[0006] Once the design documents have been produced, bids are solicited and evaluated by the engineering firm (Step 20). Subcontractors and the suppliers (collectively referred to as the supply chain) submit bids based on the design documents (supplied by the engineering firm). The bids may be submitted for portions of the engineering project or the entire engineering project. Once the bids have been submitted, the engineering firm evaluates the bids and select members of the supply chain to perform the various phases of the development of the engineering project.

[0007] Acquiring various licenses or permits (Step 22) may be required before commencing development the engineering project. Included within licenses, in this context, are land permits in the construction industry or licensing agreements in the technology industry.

[0008] Once the licenses are acquired, the engineering firm with the assistance of the supply chain develops the engineering project (Step 24). The development of the engineering project is usually the most time-consuming task involved in the engineering process and also where communication between all the participants involved in the engineering process is essential.

[0009] Once the development of the engineering project is completed, the customer (and any other required entities, e.g., municipality) performs a final inspection of the engineering project (Step 26). Based on a comparison between the agreed-upon design documents and the project as completed, the customer accepts or rejects the engineering project. If the customer accepts the engineering project, the closing is performed (Step 28). In the closing, all necessary documentation is signed and the legal interest in the engineering project is transferred to the customer.

[0010]FIG. 2 shows the communication flow involved in a typical engineering process. Requirements gathered from the customer (50), go through multiple potential handoffs before the requirements reach the participants that develop the engineering project (i.e., the engineering firm with the assistance of the supply chain (30)).

[0011] The requirements are communicated from a customer (50) to a designer (52), architect, or engineer via verbal communication, handwritten notes, faxes, e-mails, etc. The designer (52) designs the design documents of the engineering project and communicates (verbally or in writing) the design documents to a project manager (54). In turn, the project manager (54) retains some design documents and passes appropriate design documents to the site manager (56). The site manager (56) communicates (verbally or in writing) the information together with any appropriate design documents to the supply chain (30) (i.e., the subcontractors (32A-32N) and the suppliers (34A-34N)). Often, direct verbal communication (58) occurs between the customer (50) and the supply chain (30) (i.e., the subcontractors (32A-32N) and the suppliers (34A-34N)) with no written record to the other individuals participating in the engineering process.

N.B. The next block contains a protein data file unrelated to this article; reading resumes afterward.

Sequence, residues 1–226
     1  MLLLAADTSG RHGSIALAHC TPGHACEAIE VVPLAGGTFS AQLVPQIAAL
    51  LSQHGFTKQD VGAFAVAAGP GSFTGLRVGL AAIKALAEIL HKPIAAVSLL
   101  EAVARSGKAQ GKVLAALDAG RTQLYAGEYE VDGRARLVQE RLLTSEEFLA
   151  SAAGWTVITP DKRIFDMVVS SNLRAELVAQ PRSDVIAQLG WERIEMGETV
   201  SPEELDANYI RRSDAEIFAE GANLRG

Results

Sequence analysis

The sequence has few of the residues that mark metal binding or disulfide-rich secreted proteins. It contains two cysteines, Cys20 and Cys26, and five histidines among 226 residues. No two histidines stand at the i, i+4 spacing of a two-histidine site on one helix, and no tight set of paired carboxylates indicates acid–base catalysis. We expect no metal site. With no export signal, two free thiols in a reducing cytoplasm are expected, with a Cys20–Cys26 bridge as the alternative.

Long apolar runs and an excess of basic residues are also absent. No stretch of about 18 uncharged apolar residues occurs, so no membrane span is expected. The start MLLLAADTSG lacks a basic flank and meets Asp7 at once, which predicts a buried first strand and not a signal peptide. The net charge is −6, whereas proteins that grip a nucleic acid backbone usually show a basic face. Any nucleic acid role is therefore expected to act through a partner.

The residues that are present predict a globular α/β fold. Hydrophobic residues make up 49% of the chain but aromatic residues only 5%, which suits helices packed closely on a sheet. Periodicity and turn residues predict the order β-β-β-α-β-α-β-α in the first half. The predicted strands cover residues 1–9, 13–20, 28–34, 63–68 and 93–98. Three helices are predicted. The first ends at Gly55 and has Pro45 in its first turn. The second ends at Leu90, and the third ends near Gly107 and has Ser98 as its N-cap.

[0012] An example of the engineering process performed as described in FIG. 1 and FIG. 2 occurs in the construction industry. In the construction industry, requirements are mostly communicated verbally from a customer to a builder. The builder then acts in a similar manner as the engineering firm described above. A designer asks for general requirement information concerning the overall construction project. The questions may include information such as the customer contact information, the total desired budget, the house size, the number of floors, and the house style. Also, the designer seeks information necessary to determine the specification of the lot size, how far back the house sits on the lot, the desired or known lot topology, the desired direction the house should face, etc. Most of this information is conveyed to the builder using existing floor plans, hand-drawn sketches, and/or verbal communication.

[0013] One software tool used to gather requirements in the construction industry is BSD Perspective™ (Perspective™ is a trademark of Building System Design, Inc. located in Atlanta, Ga.). BSD Perspective™ is a database that provides a repository for basic customer requirement information and is used as a starting point for the designer and customer. Another similar tool is Software Environment to Support Early Phases in Building Design (SEED). SEED attempt to improve design/build processes by changing the way in which architects and designers capture and use project information. SEED incorporates a hierarchical model of components of a building and a concept of requirements placed upon these components that is domain-specific. SEED does not export information or interface into existing design tools.